It appears Kier’s tiers’ fears draw near
“For the first time since this wretched virus took hold, we can see a route out,” Boris Johnson told the House of Commons on Monday. I have to confess I had missed the moments in his many previous statements on Covid when he told us that he could see no route out, that we might be stuck in this hell for ever, but perhaps that’s for the best. As father of the nation – precisely how much of the nation is still unknown – sometimes the prime minister has to keep things from us for our own good. Like reports into the behaviour of his ministers.
Johnson, still in isolation in Downing Street, continued to have the kind of internet connection more usually associated with remote parts of Scotland. Was there a games console in the next room downloading a huge update? Was he streaming high-definition video in another tab?
He was telling us about the Covid Winter Plan. It’s different from the Action Plan from March, Lockdown I (also March), the Gradual Relaxation (May), the Big Reopening (July), the Great Return To The Office (September), the Three Tiers But Definitely No National Lockdown (October) and the Inevitable Subsequent National Lockdown (November).
Maybe this is the one that will keep. From next week, our restrictions will be eased – reduced to tiers, one might say. But that doesn’t mean life will be easy. “Our tiers need to be made tougher,” Johnson told parliament. If you have tiers, prepare to beef them up.
Keir Starmer rose to point out that the previous tiers system, designed to avoid a national lockdown, had not entirely succeeded in that respect. He wanted to know if the government had done anything to make test-and-trace work better, or if it was now pinning all its hopes on vaccines.
Whatever Johnson was trying to say, it was a mute point
Johnson didn’t really engage with that question, though the accompanying paperwork revealed that test-and-trace was getting an extra £7 billion, taking its bill for the year to £22 billion. This is apparently equivalent to the cost of the Channel Tunnel. If Dido Harding had been in charge of that project, we would have ended up with a world-beating link to the Isle of Wight.
The prime minister thanked the Labour leader for offering support for the vaccination programme. “His support is one of those things that’s now you see it, now you don’t,” Johnson, a man whose middle names are “de Pfefell” and “Consistent,” noted.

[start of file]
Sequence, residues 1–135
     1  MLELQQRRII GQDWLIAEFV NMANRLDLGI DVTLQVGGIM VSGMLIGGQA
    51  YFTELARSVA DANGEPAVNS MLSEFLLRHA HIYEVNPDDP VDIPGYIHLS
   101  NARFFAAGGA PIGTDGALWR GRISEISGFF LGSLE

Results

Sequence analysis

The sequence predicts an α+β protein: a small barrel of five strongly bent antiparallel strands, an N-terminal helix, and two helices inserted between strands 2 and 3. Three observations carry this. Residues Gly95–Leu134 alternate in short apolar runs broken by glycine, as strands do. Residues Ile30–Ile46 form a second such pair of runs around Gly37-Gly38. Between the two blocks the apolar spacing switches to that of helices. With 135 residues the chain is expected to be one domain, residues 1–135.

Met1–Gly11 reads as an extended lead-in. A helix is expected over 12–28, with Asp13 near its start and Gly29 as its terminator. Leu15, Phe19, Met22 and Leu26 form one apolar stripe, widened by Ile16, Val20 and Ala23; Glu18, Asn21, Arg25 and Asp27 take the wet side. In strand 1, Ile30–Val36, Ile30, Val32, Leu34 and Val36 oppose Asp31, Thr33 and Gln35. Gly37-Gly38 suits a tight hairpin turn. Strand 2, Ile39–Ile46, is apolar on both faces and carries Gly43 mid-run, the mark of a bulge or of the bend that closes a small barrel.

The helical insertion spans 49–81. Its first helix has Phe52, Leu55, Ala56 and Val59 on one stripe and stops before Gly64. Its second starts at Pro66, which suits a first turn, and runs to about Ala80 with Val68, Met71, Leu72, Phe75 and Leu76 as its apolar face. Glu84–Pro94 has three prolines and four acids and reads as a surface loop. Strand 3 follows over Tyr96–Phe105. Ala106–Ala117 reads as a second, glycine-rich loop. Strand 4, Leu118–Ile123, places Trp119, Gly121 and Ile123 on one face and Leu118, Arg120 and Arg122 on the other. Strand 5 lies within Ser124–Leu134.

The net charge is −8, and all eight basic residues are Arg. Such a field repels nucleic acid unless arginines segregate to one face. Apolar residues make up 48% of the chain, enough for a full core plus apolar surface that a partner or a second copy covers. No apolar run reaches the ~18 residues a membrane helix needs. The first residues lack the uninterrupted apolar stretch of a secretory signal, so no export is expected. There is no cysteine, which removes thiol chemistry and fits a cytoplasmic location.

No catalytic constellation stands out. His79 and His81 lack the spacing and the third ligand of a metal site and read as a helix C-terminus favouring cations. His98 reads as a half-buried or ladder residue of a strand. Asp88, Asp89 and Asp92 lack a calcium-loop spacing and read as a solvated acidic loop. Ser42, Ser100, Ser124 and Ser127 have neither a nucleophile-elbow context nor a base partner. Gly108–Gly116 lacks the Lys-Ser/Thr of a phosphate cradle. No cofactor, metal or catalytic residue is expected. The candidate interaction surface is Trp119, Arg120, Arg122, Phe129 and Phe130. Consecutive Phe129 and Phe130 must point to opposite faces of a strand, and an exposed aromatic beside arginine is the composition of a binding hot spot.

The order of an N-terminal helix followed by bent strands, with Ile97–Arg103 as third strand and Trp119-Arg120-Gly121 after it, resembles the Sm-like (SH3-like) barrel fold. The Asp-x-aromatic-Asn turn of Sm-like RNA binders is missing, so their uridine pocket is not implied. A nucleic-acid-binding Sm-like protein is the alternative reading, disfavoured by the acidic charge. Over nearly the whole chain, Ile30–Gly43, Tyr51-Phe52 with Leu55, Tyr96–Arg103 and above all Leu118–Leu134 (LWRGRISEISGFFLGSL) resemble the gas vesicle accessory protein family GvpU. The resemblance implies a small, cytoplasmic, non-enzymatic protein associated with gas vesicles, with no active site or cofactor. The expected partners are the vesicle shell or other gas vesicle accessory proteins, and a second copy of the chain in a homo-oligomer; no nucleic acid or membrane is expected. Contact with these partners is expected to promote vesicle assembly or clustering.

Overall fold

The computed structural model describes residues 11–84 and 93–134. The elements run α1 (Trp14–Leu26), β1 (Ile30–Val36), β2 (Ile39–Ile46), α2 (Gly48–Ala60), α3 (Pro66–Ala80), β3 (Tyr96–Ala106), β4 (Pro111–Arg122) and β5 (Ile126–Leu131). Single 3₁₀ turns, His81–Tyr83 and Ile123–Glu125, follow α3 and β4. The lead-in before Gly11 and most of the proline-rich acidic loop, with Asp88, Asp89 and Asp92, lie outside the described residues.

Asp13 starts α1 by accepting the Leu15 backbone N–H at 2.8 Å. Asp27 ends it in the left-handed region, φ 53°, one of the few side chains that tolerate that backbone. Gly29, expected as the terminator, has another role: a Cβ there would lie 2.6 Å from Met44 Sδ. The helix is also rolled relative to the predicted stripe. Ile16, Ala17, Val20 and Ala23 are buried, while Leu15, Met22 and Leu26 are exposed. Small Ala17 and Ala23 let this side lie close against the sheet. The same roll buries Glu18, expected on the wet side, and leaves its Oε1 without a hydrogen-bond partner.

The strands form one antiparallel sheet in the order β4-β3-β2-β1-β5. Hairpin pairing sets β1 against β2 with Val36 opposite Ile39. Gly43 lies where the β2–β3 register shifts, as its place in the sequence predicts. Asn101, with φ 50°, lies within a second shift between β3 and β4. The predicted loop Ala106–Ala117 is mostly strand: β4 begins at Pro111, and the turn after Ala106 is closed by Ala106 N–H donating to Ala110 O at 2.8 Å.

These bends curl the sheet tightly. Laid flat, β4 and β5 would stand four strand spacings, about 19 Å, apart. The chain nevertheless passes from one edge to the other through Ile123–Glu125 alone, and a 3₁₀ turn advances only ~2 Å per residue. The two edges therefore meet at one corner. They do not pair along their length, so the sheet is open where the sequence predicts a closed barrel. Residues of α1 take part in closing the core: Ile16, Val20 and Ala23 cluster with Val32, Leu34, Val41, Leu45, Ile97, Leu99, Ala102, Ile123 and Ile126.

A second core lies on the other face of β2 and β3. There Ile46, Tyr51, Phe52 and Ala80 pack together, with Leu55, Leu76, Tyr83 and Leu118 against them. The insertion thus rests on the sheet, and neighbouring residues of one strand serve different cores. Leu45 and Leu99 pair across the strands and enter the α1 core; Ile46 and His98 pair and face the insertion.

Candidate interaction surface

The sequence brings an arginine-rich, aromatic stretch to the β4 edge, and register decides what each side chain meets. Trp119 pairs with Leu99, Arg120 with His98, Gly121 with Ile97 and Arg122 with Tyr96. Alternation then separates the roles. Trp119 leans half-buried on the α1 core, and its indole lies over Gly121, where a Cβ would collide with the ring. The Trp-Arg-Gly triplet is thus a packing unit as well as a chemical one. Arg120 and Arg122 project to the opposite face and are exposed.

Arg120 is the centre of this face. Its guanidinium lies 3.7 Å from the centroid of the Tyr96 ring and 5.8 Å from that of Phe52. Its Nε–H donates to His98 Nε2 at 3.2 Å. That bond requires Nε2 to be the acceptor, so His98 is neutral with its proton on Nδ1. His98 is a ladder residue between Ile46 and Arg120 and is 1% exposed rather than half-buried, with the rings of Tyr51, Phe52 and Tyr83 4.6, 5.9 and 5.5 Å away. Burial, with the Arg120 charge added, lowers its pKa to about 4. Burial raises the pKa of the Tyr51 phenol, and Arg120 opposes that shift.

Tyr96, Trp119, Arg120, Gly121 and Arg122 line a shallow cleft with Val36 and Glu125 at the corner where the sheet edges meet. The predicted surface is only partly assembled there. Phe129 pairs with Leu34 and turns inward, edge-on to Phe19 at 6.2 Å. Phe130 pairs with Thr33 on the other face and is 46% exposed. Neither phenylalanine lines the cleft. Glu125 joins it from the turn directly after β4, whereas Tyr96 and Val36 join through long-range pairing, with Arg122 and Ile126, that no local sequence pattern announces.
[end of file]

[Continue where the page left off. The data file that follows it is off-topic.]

The session continued and then, mid-answer, the prime minister went silent. We could see his mouth moving, but we couldn’t hear any words. “Have you pressed the button, prime minister?” the Speaker, Lindsay Hoyle, yelled. There was only silence. Whatever Johnson was trying to say, it was a mute point.
Exasperated, Hoyle suspended the session so that someone could phone Johnson and tell him how to turn the sound back on. For a man who had so many technology lessons when he was mayor of London, the prime minister seems particularly incompetent with such things.
When we came back, Johnson’s place had been taken by Matt Hancock, who was present in the chamber. It was the understudy’s moment to shine, and the Health Secretary made the most of it. He engaged with MPs’ questions, and explained the government’s thinking. This sketch may, on occasion, have been less than entirely complimentary about Hancock, but here he was a man across the detail, an image only flattered by the juxtaposition with his boss.
Later, Johnson joined us again for an evening press conference: tiers before bedtime. Speaking to the public, rather than MPs, he had found his level, with lots of talk of the cavalry over the horizon and oases at the end of the tunnel. Christmas was not cancelled, but was also not going to be the same as usual. “Tis the season to be jolly but it’s also the season to be jolly careful,” he said, sounding more like Tony Blackburn than Cicero.
A route out, then. Through the tunnel, over the horizon, to the oasis where the science has ridden to the rescue. But first, the tiers of a clown.
Enjoying The Critic online? It's even better in print
Try five issues of Britain’s newest magazine for £10Subscribe